Grow Movement has coached almost 2,000 entrepreneurs in low income communities around the world. These entrepreneurs support the livelihoods of tens of thousands through their employees, families and communities. Published academic research on our work has influenced policy at the World Bank.
Grow Movement has measured its impact in a rigorous, independent Randomised Control Trial, considered the gold-standard for impact measurement, which featured in The Economist. In 2015, a collaboration of Stanford University, Chicago Booth and London Business School, part funded by UK AID, commenced an independent Randomised Control Trial of the Grow Movement method of poverty alleviation. 530 entrepreneurs in Uganda received consulting from Grow Movement’s volunteer consultants whilst another 400 did not receive this support and were monitored as a control group. After six to nine months of the consulting program, the research team [which includes Assistant Professor Stephen Anderson of Stanford Business School, Professor Pradeep Chintagunta of the Chicago Booth School of Business, Professor Naufel Vilcassim of the London School of Economics and Associate Professor Frank Germann of Notre Dame, Mendoza School of Business] conducted follow-up audits at about 12 months and 18 months post-intervention.
The study found that compared to the control group of 400 firms, who did not receive any consulting, entrepreneurs helped by volunteer consultants grew monthly sales by 27 percent. The research showed 63 percent of entrepreneurs were more likely to pivot or shift marketing strategies than controls. Example business changes include a juice bar expanding into door to door delivery and a mechanics shop narrowing its focus to more profitable oil and tire changes. Case studies demonstrating eight different ways entrepreneurs pivoted their businesses are on pages 43 and 44.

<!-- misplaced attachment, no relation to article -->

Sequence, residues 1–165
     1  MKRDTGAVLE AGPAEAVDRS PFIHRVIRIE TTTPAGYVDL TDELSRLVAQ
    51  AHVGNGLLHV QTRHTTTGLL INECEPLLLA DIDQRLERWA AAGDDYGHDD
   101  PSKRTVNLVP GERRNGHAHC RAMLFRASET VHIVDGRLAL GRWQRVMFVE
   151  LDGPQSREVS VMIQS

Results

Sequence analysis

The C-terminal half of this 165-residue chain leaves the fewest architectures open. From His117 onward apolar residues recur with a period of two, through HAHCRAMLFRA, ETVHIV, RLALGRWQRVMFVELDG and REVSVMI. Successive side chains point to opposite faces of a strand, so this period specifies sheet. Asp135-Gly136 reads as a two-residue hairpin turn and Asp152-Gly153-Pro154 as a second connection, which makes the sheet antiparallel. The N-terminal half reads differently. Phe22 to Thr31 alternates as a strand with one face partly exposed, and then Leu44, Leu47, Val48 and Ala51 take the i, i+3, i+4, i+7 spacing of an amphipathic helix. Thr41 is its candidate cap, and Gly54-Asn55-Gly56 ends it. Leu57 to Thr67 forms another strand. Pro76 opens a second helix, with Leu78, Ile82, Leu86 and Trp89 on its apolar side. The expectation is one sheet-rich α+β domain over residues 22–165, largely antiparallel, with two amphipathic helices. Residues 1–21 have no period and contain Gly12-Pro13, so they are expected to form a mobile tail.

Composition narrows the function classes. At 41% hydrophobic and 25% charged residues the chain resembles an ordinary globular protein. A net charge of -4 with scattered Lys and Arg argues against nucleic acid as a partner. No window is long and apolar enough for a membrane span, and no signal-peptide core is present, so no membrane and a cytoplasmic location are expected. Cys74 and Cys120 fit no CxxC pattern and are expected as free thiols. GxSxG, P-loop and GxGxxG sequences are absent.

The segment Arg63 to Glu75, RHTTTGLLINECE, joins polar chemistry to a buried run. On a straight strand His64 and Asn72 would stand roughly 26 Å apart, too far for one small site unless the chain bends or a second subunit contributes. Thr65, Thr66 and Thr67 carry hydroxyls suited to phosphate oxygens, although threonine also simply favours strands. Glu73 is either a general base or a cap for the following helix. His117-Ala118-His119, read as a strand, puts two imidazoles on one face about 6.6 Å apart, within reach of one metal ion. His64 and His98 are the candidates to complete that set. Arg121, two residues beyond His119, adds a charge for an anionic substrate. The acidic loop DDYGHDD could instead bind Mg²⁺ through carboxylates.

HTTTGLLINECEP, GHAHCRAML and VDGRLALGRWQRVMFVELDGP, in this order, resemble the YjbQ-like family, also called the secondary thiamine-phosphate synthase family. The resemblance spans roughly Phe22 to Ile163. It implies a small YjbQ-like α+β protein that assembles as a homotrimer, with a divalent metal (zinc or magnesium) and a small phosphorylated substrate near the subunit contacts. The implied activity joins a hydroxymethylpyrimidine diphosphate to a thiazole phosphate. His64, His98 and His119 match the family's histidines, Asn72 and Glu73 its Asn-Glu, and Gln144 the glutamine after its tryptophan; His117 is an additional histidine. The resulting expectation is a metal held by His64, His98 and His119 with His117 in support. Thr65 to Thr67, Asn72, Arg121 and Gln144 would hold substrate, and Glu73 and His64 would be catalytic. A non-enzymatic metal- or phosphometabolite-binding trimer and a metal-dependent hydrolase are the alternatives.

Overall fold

In a subsequent study specifically analyzing coaches who specialized in marketing, monthly sales increased by 51 percent, on average, while monthly profits grew by 35.8 percent, and paid employees by 23.8%. The World Bank has credited the study with significantly changing their thinking for their business support interventions with the World Bank Lead Economist saying: “I am very familiar with this research study and its findings. As the authors point out, in the past, organizations such as mine (but also others) did not give marketing and marketers much thought as they designed business support interventions to fight poverty in developing countries. However, the “Do Marketers Matter for Entrepreneurs?” article has significantly changed our thinking regarding the importance of the marketing function in driving firm growth and, in turn, the role that marketers can play in helping emerging market entrepreneurs to succeed.”